Another “clean” candidate caught for corruption

We often point out that while supporters of tax-financed campaigns portray these programs as a way to fundamentally transform the make-up and behavior of government, existing tax-financing programs are plagued with corruption, and they look (see here and here) and act (see here and here) a lot like the privately-financed legislatures they replaced.

Interestingly, the tax-financing program most frequently touted as a model for states to adopt is also the one that is plagued by the most severe corruption problems: New York City’s. The Brennan Center calls New York City’s program a “success,” the Campaign Finance Institute calls it “a model for the nation and states,” and even the New York Times Editorial Board recently characterized it as a program that “has worked remarkably well” and should guide New York state as it seeks to reform its campaign finance laws. Contrasting from all this praise is our study (linked above, but also here if you missed it) of corruption in New York City’s tax-financing program, which found that between 2001 and 2013 over $19 million in tax dollars was given to City Council candidates who were later investigated (and often convicted) of violating the law.

We can add another name to that list now as New York City has charged $18,000 in penalties to James Wu, a 2009 candidate for New York City Council in the Democratic Primary who flagrantly violated campaign finance laws. Wu was fined for 10 different violations, such as accepting a contribution from a corporation (which is illegal in New York City Council campaigns), accepting three contributions that exceeded the legal limit, and “intentionally furnishing false documentation and information.”

These are not minor errors, mistakes, or the result of confusing regulations. The limit on contribution sizes and the ban on corporate contributions are clear. Wu intentionally violated the law in accepting those contributions, and then also willfully falsified loan records to skirt expenditure limits. Wu’s conduct is clearly illegal, but as our report has documented, it is not unusual in New York City’s public financing program.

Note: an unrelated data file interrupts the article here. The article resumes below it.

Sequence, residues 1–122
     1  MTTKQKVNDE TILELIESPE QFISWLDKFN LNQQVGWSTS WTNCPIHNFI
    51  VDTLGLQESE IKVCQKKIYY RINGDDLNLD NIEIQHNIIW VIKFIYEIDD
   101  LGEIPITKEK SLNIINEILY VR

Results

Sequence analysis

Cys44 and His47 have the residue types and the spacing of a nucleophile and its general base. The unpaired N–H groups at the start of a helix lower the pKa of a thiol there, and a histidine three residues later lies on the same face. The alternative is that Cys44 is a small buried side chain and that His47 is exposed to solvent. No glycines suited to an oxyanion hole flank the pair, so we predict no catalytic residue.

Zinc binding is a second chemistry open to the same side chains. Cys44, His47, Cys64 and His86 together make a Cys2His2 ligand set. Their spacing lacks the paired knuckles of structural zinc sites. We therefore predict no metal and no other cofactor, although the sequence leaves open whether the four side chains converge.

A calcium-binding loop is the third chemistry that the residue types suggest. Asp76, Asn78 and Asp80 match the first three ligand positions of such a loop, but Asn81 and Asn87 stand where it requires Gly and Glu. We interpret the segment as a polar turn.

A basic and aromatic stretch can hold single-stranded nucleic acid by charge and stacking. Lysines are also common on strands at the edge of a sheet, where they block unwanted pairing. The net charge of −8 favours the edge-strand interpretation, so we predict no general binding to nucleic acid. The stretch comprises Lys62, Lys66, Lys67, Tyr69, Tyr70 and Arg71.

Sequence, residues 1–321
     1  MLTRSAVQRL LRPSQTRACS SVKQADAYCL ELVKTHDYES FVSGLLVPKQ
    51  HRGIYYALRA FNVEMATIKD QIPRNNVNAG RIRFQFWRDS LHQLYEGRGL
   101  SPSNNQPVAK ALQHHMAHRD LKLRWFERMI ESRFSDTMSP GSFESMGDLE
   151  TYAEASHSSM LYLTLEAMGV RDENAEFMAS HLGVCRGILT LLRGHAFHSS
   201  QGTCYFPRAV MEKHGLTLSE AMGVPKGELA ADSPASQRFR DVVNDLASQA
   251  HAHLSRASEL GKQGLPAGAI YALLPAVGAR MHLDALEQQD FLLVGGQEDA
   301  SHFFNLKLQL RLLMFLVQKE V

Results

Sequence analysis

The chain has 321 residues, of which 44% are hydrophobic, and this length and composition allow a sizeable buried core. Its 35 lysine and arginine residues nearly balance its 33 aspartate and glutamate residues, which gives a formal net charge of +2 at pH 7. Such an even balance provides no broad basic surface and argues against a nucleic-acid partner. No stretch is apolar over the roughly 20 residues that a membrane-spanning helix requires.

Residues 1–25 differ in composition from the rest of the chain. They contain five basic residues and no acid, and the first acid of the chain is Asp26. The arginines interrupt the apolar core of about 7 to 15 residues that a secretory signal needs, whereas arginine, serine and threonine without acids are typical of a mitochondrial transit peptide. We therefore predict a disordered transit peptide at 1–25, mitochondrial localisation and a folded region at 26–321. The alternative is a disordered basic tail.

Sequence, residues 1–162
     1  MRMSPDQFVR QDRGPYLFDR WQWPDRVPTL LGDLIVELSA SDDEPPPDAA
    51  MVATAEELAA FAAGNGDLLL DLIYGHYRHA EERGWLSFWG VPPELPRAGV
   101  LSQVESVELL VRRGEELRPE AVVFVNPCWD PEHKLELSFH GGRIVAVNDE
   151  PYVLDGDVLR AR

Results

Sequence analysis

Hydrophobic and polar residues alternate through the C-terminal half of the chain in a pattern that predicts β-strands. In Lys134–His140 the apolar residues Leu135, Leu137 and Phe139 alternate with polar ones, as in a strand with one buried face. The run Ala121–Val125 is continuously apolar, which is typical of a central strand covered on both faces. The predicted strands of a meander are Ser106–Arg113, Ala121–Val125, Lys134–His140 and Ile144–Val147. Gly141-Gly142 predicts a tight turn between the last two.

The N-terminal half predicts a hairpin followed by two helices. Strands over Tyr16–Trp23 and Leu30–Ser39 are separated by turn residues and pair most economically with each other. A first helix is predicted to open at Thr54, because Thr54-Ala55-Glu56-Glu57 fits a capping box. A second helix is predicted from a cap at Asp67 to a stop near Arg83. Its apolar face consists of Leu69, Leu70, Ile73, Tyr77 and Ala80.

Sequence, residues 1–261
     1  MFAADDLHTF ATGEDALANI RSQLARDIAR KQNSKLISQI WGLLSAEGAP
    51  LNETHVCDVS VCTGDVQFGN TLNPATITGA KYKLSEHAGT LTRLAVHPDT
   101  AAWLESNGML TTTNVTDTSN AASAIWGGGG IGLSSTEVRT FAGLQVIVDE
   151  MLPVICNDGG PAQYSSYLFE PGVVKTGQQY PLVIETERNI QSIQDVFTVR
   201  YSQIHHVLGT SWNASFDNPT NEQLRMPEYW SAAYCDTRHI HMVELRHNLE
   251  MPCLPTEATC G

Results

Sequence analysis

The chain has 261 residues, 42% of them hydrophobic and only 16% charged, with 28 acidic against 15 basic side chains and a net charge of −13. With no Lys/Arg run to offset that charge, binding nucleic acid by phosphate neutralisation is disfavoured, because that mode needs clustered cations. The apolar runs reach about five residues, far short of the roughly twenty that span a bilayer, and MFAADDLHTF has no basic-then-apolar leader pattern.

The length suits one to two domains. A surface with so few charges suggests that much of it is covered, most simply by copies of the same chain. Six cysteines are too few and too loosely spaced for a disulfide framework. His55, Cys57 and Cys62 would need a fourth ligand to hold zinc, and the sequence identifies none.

Proponents of tax-financed campaigns point out that providing tax dollars to candidates creates an incentive for people to run for office, implying that this incentive will produce better candidates or “real challengers” (as the New York Times put it) to the presumably corrupt establishment. But while it’s true that tax-financing programs incentivize campaigning by increasing the money available for campaigns, there’s no reason to assume that the new challengers are automatically less corrupt than privately-financed candidates. As Wu and the many other cases we’ve documented over the years show, tax-financed campaigns do not cleanse the political process of corrupt players. On the contrary, they create new avenues for corruption and manipulation of the political process for private profit.

Groups and individuals that are concerned about the influence of money in politics should remember that power corrupts, whether it’s achieved with a tax-financed campaign or a privately financed one. The problem of corruption in government is age-old, but optimism that a government-administered grant program for political campaigns can solve the issue is the foolish logic of people who must have been born yesterday. Tax-financed campaigns are a ‘been there, done that’ idea that haven’t achieved their goals. Sadly, the myth that tax-financing improves politics persists, and as a result citizens of Arizona, Connecticut, Maine, and New York City are stuck footing the bill for corrupt politicians like James Wu.

The Center for Competitive Politics is now the Institute for Free Speech.